In addition to dividing royalties between music and lyrics, songwriters may share a cut with labels, publishers, collection agencies, music distributors, etc.
It’s important to note that every piece of recorded music has two sides to its copyright: the Publishing – the underlying composition – and the Master – the specific sound recording.
The former is held by the songwriters/lyricists/composers and generally managed by or signed away to publishers. The latter is held by the recording artist and/or their label.
The industry treats these two parts of copyright separately, with the copyright in the song itself shown with a ©; (C in a circle) and the copyright in the sound recording shown, somewhat confusingly, with a ℗; (P in a circle).
There are separate copyrights, even if the writer and performer are the same person/group, because sometime down the road, cover versions of the song may appear, or people may sample the recording, cite the lyrics, etc.
Separating the publishing and master copyrights can help iron out any legal creases that may arise.
Recording a cover of a song gives you (or your label) the master, but publishing is left in the hands of the songwriter.
The mechanical royalty is paid for the use of the publishing or underlying composition, and the artist royalty is paid to the recorded performer for the sale of the recording.
The way the money is split between publishing and masters depends on how the music is used.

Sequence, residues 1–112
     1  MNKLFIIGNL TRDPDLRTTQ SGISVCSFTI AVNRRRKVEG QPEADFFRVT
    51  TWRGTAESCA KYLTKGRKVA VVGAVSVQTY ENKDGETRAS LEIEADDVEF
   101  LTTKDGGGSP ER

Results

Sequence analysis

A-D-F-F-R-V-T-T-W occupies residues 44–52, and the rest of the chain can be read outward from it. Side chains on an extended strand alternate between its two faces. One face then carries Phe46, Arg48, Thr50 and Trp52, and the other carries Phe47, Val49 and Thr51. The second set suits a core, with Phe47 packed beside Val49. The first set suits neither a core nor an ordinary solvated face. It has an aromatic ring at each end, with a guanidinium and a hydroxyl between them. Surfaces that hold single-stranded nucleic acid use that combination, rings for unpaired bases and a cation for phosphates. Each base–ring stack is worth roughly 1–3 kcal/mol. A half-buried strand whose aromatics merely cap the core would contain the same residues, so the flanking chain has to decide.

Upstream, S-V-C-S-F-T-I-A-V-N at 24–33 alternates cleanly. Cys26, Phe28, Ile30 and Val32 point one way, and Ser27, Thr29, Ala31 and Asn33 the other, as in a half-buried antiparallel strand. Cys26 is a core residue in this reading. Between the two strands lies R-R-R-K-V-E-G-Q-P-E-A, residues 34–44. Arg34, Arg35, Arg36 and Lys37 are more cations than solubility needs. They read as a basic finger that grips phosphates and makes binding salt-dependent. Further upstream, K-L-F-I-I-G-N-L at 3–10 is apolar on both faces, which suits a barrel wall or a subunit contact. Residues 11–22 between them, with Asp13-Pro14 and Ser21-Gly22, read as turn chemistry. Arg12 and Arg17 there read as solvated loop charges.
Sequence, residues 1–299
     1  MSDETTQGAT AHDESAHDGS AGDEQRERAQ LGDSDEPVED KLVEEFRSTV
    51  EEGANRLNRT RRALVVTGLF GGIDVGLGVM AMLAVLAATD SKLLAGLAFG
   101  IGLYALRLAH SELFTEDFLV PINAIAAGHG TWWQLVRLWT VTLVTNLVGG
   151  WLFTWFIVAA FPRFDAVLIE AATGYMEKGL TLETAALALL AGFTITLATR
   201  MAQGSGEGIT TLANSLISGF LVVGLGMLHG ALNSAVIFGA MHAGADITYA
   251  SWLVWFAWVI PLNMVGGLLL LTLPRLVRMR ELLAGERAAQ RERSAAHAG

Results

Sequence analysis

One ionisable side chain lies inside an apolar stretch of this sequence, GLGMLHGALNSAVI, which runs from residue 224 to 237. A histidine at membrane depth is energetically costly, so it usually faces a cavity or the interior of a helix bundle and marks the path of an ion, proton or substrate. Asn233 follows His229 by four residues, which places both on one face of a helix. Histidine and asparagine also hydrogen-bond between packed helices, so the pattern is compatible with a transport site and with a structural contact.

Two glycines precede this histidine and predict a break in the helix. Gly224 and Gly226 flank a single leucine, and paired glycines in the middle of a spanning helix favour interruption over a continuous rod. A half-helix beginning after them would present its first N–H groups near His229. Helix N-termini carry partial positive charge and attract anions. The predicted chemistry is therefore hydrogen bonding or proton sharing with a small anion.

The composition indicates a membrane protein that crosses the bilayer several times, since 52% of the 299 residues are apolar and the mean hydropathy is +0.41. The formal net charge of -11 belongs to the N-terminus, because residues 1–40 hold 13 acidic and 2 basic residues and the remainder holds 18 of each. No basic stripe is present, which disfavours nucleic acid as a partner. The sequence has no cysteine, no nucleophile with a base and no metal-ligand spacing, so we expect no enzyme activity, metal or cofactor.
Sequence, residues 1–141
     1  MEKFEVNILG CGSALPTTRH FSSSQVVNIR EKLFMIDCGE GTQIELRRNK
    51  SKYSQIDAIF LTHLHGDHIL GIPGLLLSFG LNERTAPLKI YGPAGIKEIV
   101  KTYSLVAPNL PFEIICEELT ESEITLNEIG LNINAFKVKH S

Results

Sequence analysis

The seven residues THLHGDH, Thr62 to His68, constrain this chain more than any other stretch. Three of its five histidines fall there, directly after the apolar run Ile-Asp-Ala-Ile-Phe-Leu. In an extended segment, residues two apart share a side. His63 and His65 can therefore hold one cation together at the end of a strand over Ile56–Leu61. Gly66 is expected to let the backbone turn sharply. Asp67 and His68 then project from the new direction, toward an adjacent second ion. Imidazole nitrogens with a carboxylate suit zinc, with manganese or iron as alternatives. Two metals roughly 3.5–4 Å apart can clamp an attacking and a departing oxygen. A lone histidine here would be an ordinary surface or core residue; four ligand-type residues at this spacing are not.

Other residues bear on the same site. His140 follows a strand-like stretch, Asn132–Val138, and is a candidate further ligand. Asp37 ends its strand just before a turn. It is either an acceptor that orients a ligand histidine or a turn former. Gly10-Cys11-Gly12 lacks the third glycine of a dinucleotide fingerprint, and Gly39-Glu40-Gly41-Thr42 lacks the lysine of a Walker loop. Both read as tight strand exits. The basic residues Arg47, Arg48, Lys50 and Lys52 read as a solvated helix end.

The industry standard split for physical sales, such as an album on record or CD, is 91% for the master and 9% for the publishing.
Labels will usually not deduct anything from mechanical royalties but will recoup costs and advances from artist royalties.
Suppose a label gave an advance of £30,000, then the artists must earn back that amount before they can start profiting from the master. However, publishers can usually earn right away.
Sync royalties are usually split 50/50 between publishing and masters, so syncs can often be a good avenue for recording artists.
It is important to get any splits between music writers and lyricists in writing, to avoid any future disputes, and to time stamp these agreements.
Music collection services, AKA performing rights organisations (PROs), allow you to collect royalties for songs you own the copyright to. In the UK, these are known as PRS for Music, which includes both PRS and MCPS. The societies pay out royalties four times a year and monthly, respectively.
US PROs include the American Society of Composers, Authors and Publishers (ASCAP), Broadcast Music Inc. (BMI), and SESAC (by invitation only).
You should register with a PRO as soon as possible – without registration, you won’t be eligible to receive royalties.
Music Copyright is a huge topic – and as a new artist, knowing where to begin can seem daunting! As the music industry changes and technology changes the nature of music consumption, how copyright law is implemented will also change.
It is also worth noting that whilst the principles of copyright law at a high level are common across all countries, there are also regional differences to be aware of. The best advice we can give is to seek out the services of a music lawyer if you are in any doubt about whether you are in breach of copyright. It is equally important to understand the copyrights that you as a creator might own and the value that that ownership has.
If you’re looking to learn more about Music and Copyright, check out our other blog post! We also have guides to help you understand Music Royalties, Music Licensing, and how to get started when it comes to selling your music online.
Here at Мusic Gateway, we have recently started offering a selection of royalty-free music! We also have a massive music library full of incredible tracks. This is not royalty free, however, we have the copyright holder information and so we can help you license any track in our library very easily! Check it out today!